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Morici: As Fed Meets, Ordinary Folks Should Trim Spending

Tickers in this article: F GM
NEW YORK (TheStreet) -- Wednesday, the Federal Reserve is expected to indicate when and how quickly it will pull back from its easy money policies. Americans can expect mortgage rates to climb, selling homes to get tougher and interest rates to increase on credit cards, auto purchases and home equity loans.

The Fed has been purchasing $85 billion in mortgage-backed securities and longer term Treasury Bonds -- economists call this quantitative easing.

These purchases have fueled, until recently, rock bottom mortgage rates and a much heralded surge in housing prices. The latter could well prove unsustainable, because Wall Street speculators have been doing a lot of the home buying, even as the demand for home ownership is the United States is actually waning. More Americans are choosing to rent -- many young families, saddled with huge student debt and earning less than their parents, can't consider purchasing a piece of suburb heaven.

The Zillow Survey of 105 economic forecasters, in which I participate, has the surge in housing prices slowing significantly in 2014 and 2015. This deceleration could turn into a housing market collapse if the Fed pulls back on easy money too quickly, and many more homeowners could owe more than their homes are worth.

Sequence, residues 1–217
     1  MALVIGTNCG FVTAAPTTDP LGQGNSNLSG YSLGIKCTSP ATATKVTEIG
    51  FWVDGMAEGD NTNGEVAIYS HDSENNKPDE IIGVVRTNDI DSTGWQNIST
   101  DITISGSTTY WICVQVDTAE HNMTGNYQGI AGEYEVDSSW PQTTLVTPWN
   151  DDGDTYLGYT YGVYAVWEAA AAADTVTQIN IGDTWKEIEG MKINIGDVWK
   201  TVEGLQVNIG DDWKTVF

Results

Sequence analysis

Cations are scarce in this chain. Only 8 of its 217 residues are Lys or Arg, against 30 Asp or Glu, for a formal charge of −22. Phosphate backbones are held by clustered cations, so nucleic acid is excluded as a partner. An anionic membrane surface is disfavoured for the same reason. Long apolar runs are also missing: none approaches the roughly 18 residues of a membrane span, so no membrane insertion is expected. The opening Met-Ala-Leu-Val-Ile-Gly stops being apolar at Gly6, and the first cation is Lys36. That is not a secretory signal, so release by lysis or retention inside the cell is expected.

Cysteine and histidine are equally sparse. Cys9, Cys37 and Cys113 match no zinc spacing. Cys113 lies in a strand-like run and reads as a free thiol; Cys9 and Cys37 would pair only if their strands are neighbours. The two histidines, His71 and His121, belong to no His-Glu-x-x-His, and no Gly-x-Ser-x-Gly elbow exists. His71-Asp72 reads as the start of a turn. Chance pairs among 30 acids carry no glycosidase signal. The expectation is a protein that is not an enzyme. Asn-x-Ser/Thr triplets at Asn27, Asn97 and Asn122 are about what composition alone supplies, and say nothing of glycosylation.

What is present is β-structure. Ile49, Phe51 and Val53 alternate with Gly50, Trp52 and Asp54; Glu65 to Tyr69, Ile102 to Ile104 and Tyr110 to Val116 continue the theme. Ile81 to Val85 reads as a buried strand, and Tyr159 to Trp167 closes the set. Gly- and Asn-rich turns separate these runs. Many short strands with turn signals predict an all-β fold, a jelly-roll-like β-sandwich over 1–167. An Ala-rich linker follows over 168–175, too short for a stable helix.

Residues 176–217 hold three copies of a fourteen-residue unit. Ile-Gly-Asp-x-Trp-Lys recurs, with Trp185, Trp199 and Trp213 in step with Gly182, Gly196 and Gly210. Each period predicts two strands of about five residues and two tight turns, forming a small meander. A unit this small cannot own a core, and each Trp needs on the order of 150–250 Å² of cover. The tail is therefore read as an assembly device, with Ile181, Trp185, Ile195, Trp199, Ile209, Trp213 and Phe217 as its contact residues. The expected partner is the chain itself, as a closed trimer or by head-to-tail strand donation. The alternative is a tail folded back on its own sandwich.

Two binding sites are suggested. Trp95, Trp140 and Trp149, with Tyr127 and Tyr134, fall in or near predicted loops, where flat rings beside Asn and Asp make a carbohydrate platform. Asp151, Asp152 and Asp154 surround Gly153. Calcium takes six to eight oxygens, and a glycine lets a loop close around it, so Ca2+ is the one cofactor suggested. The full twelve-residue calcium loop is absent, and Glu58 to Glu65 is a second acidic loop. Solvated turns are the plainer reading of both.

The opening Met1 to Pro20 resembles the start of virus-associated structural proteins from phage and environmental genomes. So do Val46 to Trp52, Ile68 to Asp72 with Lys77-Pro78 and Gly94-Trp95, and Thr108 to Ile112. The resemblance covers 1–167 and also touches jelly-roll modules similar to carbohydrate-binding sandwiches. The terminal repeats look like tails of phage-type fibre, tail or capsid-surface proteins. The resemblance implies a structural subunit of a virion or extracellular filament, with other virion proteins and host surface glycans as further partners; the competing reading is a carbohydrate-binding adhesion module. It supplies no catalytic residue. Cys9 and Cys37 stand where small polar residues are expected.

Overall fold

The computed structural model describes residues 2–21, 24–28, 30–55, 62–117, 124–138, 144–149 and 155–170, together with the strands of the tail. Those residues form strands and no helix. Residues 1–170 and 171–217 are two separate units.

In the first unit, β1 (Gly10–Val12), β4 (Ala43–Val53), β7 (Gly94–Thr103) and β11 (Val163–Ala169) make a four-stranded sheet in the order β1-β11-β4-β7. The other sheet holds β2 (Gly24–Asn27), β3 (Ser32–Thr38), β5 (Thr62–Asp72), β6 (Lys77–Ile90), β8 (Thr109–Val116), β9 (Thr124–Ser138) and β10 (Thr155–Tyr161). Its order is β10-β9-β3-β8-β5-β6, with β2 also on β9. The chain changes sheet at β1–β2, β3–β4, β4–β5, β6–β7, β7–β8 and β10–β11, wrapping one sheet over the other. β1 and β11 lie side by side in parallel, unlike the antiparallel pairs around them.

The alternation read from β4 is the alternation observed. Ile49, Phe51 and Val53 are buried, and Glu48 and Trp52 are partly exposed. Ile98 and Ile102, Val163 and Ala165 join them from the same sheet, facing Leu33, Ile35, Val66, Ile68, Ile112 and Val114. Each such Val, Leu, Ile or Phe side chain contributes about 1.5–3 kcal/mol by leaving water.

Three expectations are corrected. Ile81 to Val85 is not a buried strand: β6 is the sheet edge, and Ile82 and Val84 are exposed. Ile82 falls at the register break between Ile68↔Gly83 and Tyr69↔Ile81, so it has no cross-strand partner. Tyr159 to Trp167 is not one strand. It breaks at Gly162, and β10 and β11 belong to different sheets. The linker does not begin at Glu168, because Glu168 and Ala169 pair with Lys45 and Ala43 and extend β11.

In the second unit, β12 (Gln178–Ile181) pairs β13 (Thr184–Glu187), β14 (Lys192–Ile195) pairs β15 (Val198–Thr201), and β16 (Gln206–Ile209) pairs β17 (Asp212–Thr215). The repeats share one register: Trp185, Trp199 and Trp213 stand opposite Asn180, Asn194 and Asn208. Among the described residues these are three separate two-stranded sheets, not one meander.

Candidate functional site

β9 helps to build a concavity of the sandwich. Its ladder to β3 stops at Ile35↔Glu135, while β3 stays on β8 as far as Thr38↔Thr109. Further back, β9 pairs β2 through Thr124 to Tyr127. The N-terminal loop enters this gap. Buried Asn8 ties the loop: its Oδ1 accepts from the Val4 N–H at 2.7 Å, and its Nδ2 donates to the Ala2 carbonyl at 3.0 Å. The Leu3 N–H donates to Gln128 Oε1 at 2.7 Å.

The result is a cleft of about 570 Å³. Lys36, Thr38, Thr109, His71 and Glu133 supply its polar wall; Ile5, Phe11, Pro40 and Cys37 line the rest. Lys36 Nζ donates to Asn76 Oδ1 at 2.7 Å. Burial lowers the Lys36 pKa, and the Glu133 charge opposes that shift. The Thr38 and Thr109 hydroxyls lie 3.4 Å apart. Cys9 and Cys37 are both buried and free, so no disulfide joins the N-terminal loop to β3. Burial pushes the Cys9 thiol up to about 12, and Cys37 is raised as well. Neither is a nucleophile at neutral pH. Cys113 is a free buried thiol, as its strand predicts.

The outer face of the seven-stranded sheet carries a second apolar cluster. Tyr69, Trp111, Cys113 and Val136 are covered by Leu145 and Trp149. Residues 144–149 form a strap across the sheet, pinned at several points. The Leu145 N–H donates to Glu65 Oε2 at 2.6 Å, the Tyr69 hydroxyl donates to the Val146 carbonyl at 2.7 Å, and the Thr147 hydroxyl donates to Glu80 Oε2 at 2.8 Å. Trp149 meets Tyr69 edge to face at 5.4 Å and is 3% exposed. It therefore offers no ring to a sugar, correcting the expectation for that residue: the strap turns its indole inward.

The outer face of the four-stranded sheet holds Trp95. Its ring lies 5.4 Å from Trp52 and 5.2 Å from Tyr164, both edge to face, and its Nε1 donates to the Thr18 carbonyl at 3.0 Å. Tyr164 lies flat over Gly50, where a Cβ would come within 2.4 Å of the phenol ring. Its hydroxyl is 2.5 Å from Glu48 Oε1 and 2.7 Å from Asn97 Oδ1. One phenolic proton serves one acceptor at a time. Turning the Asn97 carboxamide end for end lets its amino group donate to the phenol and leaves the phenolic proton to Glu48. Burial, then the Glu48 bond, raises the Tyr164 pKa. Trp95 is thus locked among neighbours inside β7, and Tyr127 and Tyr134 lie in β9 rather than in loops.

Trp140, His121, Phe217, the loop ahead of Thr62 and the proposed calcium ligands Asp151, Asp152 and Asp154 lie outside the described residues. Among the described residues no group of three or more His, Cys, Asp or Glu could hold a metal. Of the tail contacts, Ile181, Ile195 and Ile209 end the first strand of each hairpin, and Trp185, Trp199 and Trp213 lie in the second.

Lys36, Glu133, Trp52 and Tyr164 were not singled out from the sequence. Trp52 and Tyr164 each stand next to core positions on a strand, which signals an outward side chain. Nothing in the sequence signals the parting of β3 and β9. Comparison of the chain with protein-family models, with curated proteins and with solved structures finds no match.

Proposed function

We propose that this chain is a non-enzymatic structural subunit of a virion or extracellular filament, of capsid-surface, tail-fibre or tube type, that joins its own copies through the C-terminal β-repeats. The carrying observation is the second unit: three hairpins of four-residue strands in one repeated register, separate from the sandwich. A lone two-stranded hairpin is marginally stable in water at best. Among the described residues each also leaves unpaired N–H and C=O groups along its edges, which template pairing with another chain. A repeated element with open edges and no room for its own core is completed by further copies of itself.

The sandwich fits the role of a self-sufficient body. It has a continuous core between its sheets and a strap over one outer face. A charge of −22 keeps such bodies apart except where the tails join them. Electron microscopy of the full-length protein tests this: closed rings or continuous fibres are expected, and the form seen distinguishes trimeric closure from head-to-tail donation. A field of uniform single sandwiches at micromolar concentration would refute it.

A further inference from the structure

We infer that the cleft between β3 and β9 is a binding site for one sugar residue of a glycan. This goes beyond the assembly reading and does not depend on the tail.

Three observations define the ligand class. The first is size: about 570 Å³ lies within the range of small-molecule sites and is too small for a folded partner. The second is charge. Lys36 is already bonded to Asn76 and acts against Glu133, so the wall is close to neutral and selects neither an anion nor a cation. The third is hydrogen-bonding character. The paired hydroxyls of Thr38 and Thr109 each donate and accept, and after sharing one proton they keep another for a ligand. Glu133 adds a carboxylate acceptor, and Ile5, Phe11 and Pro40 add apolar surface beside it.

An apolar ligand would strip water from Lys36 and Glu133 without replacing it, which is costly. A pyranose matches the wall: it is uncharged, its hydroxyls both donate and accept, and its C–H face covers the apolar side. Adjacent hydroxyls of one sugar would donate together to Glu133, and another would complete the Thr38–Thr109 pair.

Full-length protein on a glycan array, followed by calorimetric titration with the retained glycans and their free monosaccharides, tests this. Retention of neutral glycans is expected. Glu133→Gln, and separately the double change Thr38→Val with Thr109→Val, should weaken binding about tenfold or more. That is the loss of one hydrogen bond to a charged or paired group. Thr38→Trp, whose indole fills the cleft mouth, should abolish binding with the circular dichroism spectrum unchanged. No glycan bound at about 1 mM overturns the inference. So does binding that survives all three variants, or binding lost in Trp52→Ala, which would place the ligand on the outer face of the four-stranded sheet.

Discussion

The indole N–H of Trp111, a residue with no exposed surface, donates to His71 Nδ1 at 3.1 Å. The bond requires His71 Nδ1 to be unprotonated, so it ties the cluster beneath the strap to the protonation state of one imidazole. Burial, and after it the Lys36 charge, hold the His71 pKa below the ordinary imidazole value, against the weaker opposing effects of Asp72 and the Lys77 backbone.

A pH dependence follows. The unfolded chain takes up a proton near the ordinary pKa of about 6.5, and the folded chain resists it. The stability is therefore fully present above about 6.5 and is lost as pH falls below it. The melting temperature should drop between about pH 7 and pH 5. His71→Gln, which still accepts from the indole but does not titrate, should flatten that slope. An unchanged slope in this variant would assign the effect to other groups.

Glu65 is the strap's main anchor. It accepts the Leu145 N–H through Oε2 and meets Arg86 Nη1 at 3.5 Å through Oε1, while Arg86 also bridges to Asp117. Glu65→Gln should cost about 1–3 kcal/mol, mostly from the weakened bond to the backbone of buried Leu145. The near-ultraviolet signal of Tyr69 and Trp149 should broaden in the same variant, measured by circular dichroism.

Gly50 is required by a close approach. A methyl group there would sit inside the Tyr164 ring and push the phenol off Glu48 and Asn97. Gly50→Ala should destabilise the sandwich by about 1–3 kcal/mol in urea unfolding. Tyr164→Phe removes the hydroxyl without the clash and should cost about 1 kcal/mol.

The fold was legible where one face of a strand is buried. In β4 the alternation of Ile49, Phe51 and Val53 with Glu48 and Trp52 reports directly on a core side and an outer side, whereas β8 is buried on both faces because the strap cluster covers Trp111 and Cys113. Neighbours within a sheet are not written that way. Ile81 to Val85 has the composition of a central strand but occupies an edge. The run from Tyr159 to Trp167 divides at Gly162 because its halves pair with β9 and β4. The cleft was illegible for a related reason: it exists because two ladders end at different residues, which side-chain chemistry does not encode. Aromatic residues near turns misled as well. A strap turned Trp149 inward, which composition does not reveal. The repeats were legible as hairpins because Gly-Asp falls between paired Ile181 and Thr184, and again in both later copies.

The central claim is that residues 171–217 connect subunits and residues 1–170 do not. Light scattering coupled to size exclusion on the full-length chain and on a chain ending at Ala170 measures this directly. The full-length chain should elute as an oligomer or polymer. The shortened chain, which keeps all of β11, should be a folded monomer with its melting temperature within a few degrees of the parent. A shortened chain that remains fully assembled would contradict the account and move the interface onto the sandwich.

Car sales and prices have been booming, as Ford , GM and others have offered customers with good credit scores quite reasonable rates on new car loans. Their financial affiliates will face much higher costs for funds, and automakers will have to pass along higher interest rates to customers and trim incentives.

If you genuinely need a new car, this may be the best time to get that good deal on financing. Especially because auto loan rates will hit the used car market hard, lowering your trade in value.

Stock prices have soared -- investors can't get much interest on bonds, and dividend yielding stocks have been the best alternative. As the Fed pushes up interest rates, well-rated corporate bonds and the debt of the better-run state governments will become attractive, and stocks, especially dividend paying stocks, will lose their appeal.

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